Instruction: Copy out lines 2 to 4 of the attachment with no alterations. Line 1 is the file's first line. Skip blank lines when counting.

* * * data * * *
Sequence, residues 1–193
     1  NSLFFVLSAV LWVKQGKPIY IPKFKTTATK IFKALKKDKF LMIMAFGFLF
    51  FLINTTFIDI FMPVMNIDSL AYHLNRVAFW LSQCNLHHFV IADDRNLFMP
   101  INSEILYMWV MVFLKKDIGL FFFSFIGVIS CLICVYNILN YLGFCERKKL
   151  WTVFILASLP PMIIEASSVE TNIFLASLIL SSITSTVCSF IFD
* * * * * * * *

     1  NSLFFVLSAV LWVKQGKPIY IPKFKTTATK IFKALKKDKF LMIMAFGFLF
    51  FLINTTFIDI FMPVMNIDSL AYHLNRVAFW LSQCNLHHFV IADDRNLFMP
   101  INSEILYMWV MVFLKKDIGL FFFSFIGVIS CLICVYNILN YLGFCERKKL